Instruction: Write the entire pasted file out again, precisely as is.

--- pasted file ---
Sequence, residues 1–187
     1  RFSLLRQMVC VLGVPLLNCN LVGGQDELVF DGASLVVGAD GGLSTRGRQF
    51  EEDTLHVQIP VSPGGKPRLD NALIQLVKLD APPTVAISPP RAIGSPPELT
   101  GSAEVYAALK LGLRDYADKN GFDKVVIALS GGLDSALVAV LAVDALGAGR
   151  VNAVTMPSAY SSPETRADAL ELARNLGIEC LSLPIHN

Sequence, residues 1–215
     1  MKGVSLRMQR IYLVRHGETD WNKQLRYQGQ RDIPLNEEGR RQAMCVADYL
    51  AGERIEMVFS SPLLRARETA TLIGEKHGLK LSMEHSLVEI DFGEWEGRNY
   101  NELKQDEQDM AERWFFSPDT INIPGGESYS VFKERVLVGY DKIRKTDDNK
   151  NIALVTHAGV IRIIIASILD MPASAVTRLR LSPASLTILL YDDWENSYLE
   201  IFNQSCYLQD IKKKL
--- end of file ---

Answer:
Sequence, residues 1–187
     1  RFSLLRQMVC VLGVPLLNCN LVGGQDELVF DGASLVVGAD GGLSTRGRQF
    51  EEDTLHVQIP VSPGGKPRLD NALIQLVKLD APPTVAISPP RAIGSPPELT
   101  GSAEVYAALK LGLRDYADKN GFDKVVIALS GGLDSALVAV LAVDALGAGR
   151  VNAVTMPSAY SSPETRADAL ELARNLGIEC LSLPIHN

Sequence, residues 1–215
     1  MKGVSLRMQR IYLVRHGETD WNKQLRYQGQ RDIPLNEEGR RQAMCVADYL
    51  AGERIEMVFS SPLLRARETA TLIGEKHGLK LSMEHSLVEI DFGEWEGRNY
   101  NELKQDEQDM AERWFFSPDT INIPGGESYS VFKERVLVGY DKIRKTDDNK
   151  NIALVTHAGV IRIIIASILD MPASAVTRLR LSPASLTILL YDDWENSYLE
   201  IFNQSCYLQD IKKKL